Where’s The Ring?

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Send your questions to deardebra@renmedia.us

Dear Debra,
My boyfriend and I have been living together for three years. Whenever I bring up getting married, he shifts the conversation to another topic. Or says he’s not ready. He is a wonderful man. He is kind, patient, has a good job and is loving to my daughter (her father is not in the picture.) But I want to take this to the next step and have the commitment that marriage brings. How do I get him to see this my way?
— No Ring

Dear No Ring,
By “shifting the conversation to another topic” or saying he’s “not ready” every time you bring up getting married, your boyfriend is telling you, indirectly and directly, that he doesn’t share your vision of a committed future together. How can you get him to see this your way? You can’t.

While you did not say how old your daughter is, you might also consider what she is learning about relationships, love and commitment. Her father is not a part of her life. Your boyfriend is “loving to her” but not loving enough to make her mother a top priority in his life. Is this the example you want to set for her? What would you say to her years hence were she in a similar relationship?

The ball is in your court — you can stay with the status quo or you can leave. If marriage is what you want, and I remain strongly in favor of loving and committed marriages, then he is not your guy. The time has come to leave the relationship, devote yourself to your daughter and create a stable life for the two of you. When and if you begin dating again, make it clear that marriage is your goal. Should potential love interests “shift the conversation,” you’ll know where you stand and can walk in the other direction.

Dear Debra,
I have several friends who commit each year to raise funds for their causes. I admire their dedication to train for these walks and want to lend my support, but I have grown weary of being asked each year for donations. I realize they are doing this in memory of a dear one or to fund further research to eradicate the disease they are championing. I would prefer to support causes and research that are meaningful to me. If I refuse to donate, I will feel guilty for not being a good friend.
— Donate or Not

Dear DONATE OR NOT,
Might you find a middle road? Perhaps donate a smaller amount than you have in the past so that you can still feel you are supporting your friends while leaving you the freedom to contribute meaningfully to your own causes. If you can’t tame the guilts and your budget allows it, continue to donate as you have in the past, with a grateful heart that you have the means to do so and with a prayer for continued good health for your loved ones and theirs.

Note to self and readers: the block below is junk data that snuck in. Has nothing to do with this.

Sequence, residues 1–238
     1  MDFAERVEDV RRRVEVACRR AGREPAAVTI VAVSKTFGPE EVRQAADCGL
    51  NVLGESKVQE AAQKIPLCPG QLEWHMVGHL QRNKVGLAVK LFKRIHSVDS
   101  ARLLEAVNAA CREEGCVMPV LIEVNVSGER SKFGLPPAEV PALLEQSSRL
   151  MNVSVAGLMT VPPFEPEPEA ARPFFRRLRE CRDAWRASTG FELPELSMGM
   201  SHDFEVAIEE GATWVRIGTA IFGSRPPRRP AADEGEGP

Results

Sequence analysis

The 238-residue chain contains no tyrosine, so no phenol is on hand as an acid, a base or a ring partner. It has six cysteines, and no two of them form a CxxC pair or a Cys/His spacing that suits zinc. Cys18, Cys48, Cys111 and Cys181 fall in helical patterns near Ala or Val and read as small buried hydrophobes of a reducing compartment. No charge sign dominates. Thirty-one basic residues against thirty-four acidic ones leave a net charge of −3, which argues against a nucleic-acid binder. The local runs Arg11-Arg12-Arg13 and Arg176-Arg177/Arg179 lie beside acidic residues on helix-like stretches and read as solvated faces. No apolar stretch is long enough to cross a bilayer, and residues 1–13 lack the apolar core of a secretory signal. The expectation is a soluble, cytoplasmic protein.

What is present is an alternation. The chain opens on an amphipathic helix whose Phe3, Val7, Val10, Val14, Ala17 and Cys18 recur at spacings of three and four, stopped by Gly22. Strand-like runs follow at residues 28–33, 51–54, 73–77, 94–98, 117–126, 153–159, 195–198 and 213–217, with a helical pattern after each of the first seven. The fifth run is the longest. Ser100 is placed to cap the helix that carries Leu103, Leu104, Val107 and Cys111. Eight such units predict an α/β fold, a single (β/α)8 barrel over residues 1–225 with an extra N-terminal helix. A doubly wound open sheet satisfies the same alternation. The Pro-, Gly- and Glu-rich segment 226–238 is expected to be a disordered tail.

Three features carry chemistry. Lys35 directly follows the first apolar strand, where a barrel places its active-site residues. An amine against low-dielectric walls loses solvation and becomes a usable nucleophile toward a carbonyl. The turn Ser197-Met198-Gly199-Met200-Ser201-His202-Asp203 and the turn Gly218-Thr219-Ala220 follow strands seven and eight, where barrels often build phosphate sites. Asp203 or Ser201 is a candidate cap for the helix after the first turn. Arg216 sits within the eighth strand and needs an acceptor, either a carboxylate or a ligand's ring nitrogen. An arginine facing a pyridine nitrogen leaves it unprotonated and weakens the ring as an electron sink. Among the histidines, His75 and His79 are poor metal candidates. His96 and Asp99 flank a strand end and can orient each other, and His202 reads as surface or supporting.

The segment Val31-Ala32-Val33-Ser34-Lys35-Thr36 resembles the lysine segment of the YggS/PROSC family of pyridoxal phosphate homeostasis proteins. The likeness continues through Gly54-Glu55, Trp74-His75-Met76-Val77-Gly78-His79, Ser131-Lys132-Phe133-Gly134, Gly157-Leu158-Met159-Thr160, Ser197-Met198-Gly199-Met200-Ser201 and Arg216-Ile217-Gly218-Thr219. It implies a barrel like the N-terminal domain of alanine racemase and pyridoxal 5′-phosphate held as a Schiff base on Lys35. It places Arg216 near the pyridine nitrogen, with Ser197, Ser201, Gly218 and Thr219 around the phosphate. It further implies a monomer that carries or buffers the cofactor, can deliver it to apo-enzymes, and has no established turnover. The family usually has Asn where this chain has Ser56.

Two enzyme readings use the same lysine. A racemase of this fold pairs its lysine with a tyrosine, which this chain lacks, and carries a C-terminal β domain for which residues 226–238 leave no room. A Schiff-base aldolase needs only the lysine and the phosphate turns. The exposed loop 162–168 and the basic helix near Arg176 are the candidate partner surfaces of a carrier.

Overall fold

Dear Debra,
I have a situation that others might envy, but trust me, it is not to be envied. My mother-in-law is too helpful. As I have to leave early for work, she comes over to get the kids ready for school. She then waves my husband off to work saying she will leave after she “straightens up.” Straightening up means rearranging our furniture, doing our laundry her way and putting things away so that we cannot find them.

We have asked her not to do this. I have hidden the bleach she buys because she has ruined some of our clothes but she just buys more. We have even gone a year without allowing her to visit because her “help” creates mess and tension. She has apologized and said she won’t do it anymore, but then she goes right back to rearranging our furniture and washing and bleaching our clothes.

She means well but her help is driving us over the edge. We don’t want to banish her again but she is not leaving us much choice.
—Too Much Help

Dear Too Much Help,
How about I see your kids off to school and M-I-L comes to my house and cleans out 33 years of stuff in our basement? I’d even suffer a few bleaching incidents. Barring that, here are a few ideas:

  1. Change the locks on your doors and hire a sitter to get the kids off to school.
  2. Discuss with your husband and your husband’s employers the possibility of flex time so that one of you can get the kids out the door. Again, change the locks on your doors.
  3. Schedule a few sessions with a therapist so that you, your husband and his mother can discuss this in a neutral setting with a skilled professional who can tease out any underlying issues. It sounds as if your mother-in-law might be in the grip of an obsessive need to help. If you can step back a bit, you might see things in this light. She obviously wants to help and loves you all very much. It is sad and unfortunate that instead she is driving away the very people she cares for and who do, I trust, love her in return.
  4. You didn’t mention if your father-in-law is still alive but if so, have you tried to get him on board?
  5. Set aside one day a month for a family cleaning day. Invite Mom over to help with some particularly onerous tasks. Direct her energies while holding tight to the reins.

And, if all those fail, my basement and I will be still be waiting.

DEBRA DARVICK
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